Keeping active pays off even in your 70s and 80s

Issue date: 17 June 2014

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Older people who undertake at least 25 minutes of moderate or vigorous exercise everyday need fewer prescriptions and are less likely to be admitted to hospital in an emergency, new research has revealed.

The findings, published in the journal PLoS ONE, reinforce the need for exercise programmes to help older people stay active. It could also reduce reliance on NHS services and potentially lead to cost savings.

In the first study of its kind looking at this age group, researchers from UWE Bristol, the University of Bristol and the University of Bath looked at data from 213 people whose average age was 78.

Those who carried out less than 25 minutes of moderate to vigorous physical activity per day – such as walking quickly, cycling or swimming -received 50 per cent more prescriptions over the following four to five years than those who were more active.

Such physical activity leads to a higher metabolism and better circulation, reducing the risk of conditions and diseases common in older age such as high blood pressure, type 2 diabetes, coronary heart disease and strokes.

The study also found that very little exercise carried a higher risk of unplanned hospital admissions. Those who carried out an average of three minutes of moderate to vigorous physical activity were twice as likely to be vulnerable than those in the most active third of the sample, who averaged 39 minutes.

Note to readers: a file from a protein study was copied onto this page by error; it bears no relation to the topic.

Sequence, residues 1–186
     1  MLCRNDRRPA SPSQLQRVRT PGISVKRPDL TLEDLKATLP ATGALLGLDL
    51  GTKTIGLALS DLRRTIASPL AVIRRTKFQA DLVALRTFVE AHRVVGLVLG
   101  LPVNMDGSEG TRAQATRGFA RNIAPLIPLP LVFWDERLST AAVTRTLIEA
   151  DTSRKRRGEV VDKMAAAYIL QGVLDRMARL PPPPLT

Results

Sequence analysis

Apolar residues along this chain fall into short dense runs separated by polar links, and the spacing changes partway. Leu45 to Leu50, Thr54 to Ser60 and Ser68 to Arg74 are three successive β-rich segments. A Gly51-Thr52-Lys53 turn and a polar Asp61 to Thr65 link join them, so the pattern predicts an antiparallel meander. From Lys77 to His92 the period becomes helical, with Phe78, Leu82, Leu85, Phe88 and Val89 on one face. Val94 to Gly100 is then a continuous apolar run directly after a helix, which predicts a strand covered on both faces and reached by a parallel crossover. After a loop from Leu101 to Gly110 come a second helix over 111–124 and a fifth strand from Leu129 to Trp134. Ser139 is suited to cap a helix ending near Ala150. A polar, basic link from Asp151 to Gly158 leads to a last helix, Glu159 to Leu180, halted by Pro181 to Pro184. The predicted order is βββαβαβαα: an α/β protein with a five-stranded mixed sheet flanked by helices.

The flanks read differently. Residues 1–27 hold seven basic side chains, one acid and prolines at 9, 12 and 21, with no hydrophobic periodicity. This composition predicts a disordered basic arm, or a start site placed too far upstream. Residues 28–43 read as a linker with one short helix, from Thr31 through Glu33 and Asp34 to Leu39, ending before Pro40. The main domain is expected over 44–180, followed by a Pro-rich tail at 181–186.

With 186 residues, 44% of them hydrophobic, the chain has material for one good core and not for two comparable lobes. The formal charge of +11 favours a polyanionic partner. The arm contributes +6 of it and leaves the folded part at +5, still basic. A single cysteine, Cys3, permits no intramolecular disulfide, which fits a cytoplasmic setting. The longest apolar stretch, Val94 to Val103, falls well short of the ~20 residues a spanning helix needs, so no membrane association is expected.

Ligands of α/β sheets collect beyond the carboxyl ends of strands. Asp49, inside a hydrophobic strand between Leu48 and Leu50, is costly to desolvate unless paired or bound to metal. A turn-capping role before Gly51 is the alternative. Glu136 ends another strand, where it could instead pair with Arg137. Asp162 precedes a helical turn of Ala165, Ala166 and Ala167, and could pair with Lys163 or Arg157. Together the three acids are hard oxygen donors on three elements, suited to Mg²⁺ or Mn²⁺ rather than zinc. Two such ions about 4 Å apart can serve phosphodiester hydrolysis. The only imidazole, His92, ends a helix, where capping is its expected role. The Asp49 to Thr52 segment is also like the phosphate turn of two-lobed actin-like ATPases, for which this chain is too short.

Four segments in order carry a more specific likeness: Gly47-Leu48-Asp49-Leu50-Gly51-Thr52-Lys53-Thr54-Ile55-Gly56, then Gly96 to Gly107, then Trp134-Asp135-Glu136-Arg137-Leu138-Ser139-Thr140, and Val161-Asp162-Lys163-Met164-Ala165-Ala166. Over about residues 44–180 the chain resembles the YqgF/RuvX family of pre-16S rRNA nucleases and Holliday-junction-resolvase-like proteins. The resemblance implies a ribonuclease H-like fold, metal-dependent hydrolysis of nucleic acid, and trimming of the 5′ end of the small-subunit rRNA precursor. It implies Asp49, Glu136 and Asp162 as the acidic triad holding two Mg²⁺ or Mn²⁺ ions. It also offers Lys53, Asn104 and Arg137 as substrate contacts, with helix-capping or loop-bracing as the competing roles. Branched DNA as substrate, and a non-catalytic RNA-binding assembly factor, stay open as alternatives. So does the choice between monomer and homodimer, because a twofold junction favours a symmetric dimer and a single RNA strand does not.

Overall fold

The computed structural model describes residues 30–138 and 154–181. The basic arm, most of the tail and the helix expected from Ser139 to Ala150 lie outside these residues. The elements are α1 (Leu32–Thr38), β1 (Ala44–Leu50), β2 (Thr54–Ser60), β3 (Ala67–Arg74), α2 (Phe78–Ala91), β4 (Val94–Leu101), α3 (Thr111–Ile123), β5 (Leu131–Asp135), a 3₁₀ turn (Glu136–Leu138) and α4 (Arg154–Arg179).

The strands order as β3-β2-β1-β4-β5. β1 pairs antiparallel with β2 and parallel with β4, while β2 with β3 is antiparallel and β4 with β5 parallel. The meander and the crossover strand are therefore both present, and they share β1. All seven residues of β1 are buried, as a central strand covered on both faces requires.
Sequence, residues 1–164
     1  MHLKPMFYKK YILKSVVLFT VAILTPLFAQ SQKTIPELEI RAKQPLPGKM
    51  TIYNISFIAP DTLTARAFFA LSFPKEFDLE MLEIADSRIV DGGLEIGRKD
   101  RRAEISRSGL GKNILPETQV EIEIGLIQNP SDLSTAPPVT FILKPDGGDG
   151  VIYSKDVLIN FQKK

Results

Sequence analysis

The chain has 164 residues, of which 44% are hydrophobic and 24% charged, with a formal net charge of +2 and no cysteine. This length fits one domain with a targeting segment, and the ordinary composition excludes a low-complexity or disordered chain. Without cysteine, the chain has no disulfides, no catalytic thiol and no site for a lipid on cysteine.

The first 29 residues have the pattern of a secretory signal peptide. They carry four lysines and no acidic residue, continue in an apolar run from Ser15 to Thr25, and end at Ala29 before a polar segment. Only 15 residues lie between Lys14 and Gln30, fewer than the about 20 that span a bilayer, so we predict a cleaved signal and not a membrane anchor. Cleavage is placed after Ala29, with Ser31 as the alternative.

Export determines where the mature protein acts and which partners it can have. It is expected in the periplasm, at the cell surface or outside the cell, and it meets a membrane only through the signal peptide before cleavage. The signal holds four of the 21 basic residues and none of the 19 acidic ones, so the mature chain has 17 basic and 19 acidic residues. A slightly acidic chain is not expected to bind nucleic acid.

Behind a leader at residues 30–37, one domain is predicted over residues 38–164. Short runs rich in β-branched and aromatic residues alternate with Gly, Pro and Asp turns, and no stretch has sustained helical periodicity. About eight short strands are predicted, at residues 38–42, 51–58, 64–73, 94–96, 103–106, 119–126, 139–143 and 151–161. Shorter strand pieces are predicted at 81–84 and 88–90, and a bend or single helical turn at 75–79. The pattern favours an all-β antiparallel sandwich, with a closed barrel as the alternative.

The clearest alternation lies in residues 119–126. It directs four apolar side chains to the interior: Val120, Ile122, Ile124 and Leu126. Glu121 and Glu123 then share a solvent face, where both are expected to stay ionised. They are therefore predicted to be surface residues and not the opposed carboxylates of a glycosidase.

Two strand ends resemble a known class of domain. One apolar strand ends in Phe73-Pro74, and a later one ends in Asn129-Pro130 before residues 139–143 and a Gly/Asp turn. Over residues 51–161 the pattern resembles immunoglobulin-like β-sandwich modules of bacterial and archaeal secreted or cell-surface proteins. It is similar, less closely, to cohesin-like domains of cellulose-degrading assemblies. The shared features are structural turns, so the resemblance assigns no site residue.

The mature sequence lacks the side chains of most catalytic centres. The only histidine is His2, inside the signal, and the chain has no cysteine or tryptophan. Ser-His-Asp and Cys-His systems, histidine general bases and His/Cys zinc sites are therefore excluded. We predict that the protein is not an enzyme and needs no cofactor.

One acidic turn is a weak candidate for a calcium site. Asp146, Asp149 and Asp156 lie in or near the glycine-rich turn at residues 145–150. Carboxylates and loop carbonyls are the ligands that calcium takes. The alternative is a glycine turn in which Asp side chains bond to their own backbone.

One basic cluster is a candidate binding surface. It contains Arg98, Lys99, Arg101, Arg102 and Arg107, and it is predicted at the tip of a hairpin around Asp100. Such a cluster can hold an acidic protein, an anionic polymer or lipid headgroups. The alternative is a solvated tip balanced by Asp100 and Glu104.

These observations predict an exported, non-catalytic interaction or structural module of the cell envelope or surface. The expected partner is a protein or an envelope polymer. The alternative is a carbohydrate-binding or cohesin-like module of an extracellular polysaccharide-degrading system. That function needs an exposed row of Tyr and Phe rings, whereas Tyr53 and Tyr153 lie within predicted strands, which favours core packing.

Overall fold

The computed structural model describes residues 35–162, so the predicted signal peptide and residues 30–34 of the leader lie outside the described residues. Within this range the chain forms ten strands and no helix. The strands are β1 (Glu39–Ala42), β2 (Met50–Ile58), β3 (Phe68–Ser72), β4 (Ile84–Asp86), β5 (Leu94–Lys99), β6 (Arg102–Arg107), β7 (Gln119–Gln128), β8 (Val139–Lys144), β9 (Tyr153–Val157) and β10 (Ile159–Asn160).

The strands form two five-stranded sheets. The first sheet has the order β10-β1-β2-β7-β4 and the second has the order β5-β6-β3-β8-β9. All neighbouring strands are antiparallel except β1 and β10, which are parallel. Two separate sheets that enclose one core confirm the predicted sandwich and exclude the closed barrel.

These results remained significant even when other factors affecting health were taken into account, such as socio-economic status, education, weight, existing disease and level of physical function.

Researchers measured physical activity using accelerometers - small gadgets that monitor all movement throughout the day - alongside elements of physical function including balance, leg strength and walking gait.

Medical records were then examined to investigate health service usage over the next four years. This captured visits to primary care, referral for secondary services, unplanned admissions to hospital and the number of prescriptions needed.

Being active was not associated with the frequency of visits to the doctor, or referral for other hospital services.

One of the report's authors was Professor Selena Gray from UWE Bristol's Department of Health and Applied Social Sciences. She said, “This study helps us to recognise the significant health benefits that accrue to individuals and society from being active in older life. There are lots of reasons for older people to keep active and get out and about, and we need to look carefully how we can support older people to continue to be physically active and maintain their independence for as long as possible.”

The results support the recent recommendations from NICE that all GPs should encourage physical activity in their older patients.

Exercise should be targeted and tailored to those in their 70s and 80s, aiming to increase muscle strength, balance, coordination and aerobic fitness to prevent falls.

The study was part of the OPAL-PLUS project, funded by The Dunhill Medical Trustwith additional support from the Avon Primary Care Research Collaborative and the South West General Practitioners Trust. Researchers at the University of Bristol worked with colleagues at the University of Bath and UWE Bristol.

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